December 17, 2010
The Baxter County Sheriff's Office has recently been accepted as a participant in the National Highway Traffic Safety Administration Highway Safety Grant Program administered by the Highway Safety Office of the Arkansas State Police.
As a participant in this program, the Sheriff's Office will be an active participant in the "Drunk Driving. Over the Limit. Under Arrest " national program, which is in effect over the Thanksgiving holiday from December 20, 2010 to January 2, 2011.
In 2008 alone, nearly 12,000 people died in crashes in which a driver or motorcycle rider was at or above the legal limit, according to the latest statistics from the National Highway Traffic Safety Administration. The age group with the highest percentage of alcohol impaired drivers in fatal crashes is young people age 21-24.
In every State as well as the District of Columbia it is illegal to drive with a blood alcohol concentration (BAC) of .08 grams per deciliter or higher. Approximately 10,000 police agencies will participate in this year's mid-August through Labor Day crackdown, including law enforcement officers representing every State, the District of Columbia and many U.S. cities and towns.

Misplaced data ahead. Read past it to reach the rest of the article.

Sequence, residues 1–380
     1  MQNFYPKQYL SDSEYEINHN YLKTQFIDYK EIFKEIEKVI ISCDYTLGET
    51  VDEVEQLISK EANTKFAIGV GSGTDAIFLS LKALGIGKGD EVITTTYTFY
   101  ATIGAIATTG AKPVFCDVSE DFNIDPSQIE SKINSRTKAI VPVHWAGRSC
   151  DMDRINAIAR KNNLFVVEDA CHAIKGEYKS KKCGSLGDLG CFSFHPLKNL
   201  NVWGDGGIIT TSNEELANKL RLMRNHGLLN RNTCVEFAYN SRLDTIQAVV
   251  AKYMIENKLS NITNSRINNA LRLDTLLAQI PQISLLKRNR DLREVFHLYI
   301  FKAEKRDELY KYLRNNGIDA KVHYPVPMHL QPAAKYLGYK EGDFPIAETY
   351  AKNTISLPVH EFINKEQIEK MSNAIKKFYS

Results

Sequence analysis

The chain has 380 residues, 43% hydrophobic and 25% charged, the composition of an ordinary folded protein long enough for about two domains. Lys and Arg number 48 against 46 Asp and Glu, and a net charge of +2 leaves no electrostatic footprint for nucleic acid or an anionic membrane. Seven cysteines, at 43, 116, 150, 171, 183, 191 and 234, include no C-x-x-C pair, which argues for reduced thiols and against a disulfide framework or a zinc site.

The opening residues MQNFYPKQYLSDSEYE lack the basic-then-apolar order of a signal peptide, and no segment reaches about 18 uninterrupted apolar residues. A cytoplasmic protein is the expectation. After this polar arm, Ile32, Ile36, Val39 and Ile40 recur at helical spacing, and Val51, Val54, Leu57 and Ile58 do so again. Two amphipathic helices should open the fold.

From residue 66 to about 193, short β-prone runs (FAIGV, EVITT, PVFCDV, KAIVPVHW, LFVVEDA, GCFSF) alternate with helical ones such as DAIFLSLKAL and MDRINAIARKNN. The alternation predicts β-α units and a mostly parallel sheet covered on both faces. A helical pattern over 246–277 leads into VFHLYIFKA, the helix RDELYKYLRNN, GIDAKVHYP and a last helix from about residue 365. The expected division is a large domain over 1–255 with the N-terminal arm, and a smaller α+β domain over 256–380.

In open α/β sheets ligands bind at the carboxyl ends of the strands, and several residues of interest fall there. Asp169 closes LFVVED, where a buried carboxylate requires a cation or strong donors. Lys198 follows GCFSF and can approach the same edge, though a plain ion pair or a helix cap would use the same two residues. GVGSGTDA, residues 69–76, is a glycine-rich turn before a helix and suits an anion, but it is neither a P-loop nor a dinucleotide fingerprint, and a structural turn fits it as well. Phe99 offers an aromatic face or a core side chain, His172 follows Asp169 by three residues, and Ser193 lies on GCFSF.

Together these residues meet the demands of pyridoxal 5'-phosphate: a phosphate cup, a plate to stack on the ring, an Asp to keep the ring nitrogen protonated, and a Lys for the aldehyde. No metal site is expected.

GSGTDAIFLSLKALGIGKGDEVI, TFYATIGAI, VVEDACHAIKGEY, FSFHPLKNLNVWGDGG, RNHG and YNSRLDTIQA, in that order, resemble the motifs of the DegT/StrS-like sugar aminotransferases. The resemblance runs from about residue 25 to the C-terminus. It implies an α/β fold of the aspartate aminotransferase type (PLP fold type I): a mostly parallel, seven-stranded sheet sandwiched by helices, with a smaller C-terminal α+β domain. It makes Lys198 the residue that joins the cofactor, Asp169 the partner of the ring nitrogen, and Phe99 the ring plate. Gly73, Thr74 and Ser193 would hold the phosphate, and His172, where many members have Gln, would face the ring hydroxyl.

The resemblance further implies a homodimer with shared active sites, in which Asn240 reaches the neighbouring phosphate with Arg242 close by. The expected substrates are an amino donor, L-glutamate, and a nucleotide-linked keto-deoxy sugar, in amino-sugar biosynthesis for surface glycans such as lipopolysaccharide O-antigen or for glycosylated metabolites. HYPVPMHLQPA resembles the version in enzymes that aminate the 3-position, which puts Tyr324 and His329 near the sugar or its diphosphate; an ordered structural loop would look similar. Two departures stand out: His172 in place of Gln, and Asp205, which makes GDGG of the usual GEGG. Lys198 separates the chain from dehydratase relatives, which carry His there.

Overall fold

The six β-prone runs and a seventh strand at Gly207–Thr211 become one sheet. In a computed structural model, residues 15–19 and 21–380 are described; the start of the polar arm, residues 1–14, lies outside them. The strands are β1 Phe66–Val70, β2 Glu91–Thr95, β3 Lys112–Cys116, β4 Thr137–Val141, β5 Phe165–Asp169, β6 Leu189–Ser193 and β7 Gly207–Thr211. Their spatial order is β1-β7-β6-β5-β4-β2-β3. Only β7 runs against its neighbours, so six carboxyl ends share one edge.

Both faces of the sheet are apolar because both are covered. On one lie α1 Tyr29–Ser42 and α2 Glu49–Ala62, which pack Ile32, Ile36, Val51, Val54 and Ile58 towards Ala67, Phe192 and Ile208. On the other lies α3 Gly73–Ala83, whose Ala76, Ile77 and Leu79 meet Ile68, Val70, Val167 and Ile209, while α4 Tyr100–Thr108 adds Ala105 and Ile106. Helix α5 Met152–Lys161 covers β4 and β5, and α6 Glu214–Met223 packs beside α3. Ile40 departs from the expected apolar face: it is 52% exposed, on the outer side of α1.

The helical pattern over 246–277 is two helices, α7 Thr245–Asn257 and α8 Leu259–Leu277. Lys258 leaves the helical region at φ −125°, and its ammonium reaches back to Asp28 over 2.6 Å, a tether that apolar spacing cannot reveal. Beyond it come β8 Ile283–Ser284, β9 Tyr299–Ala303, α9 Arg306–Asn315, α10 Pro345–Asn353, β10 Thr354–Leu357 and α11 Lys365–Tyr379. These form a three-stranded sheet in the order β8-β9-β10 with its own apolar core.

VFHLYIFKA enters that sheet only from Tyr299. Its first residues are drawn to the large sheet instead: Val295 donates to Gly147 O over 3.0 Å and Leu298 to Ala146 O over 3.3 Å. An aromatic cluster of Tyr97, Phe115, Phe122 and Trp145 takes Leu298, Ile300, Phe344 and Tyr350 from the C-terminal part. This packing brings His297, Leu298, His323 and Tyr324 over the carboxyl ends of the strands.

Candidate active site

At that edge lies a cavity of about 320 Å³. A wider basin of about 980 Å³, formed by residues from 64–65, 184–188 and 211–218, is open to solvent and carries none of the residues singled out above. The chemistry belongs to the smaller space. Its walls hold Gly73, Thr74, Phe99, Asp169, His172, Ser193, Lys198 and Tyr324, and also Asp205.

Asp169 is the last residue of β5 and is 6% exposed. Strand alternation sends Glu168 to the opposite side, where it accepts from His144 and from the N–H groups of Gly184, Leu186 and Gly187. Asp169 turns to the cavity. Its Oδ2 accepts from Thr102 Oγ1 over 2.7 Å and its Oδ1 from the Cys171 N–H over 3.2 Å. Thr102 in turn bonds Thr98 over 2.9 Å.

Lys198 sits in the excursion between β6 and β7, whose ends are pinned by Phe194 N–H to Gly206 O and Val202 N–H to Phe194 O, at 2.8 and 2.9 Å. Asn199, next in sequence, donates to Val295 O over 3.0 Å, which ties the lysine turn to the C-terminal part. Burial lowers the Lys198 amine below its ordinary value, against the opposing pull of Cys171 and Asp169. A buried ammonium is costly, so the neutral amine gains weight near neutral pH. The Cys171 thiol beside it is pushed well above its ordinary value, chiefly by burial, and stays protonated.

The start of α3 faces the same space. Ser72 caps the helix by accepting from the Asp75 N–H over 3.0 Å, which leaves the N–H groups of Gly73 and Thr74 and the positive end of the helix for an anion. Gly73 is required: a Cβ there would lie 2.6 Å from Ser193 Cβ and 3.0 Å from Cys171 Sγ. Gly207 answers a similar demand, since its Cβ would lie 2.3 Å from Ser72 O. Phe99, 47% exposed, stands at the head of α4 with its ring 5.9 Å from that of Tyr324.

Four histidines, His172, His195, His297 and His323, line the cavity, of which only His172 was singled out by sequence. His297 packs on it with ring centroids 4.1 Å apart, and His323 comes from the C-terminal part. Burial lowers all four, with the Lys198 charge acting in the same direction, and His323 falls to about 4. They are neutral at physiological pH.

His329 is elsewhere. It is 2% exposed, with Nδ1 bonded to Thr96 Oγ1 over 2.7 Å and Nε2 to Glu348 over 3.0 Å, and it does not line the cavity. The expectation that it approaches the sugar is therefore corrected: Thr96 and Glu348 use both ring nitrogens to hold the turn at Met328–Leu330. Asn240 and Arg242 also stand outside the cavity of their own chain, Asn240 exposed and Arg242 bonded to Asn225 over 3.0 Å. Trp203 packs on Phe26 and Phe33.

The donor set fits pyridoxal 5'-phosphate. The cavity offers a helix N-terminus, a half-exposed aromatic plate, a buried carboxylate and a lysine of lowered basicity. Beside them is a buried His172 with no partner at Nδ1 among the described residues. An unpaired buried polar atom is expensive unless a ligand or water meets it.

According to the latest data, 32 percent of fatalities in motor vehicle traffic crashes involved a driver or motorcycle rider with a BAC of .08 g/dL or above - an average of one fatality every 45 minutes.
Deputies from the Baxter County Sheriff's Office will be aggressively looking for all impaired drivers during the crackdown and will arrest anyone they find driving while impaired - regardless of age, vehicle type, or time of day.
The national Drunk Driving. Over the Limit. Under Arrest. crackdown is led by NHTSA and combines high-visibility enforcement with heightened public awareness through advertising and publicity.
For more information on the crackdown, visit the High-Visibility Enforcement Campaign Headquarters at www.StopImpairedDriving.org.
The Sheriff's Office STEP program is administered by Sgt. Andy Bower.
Sheriff John Montgomery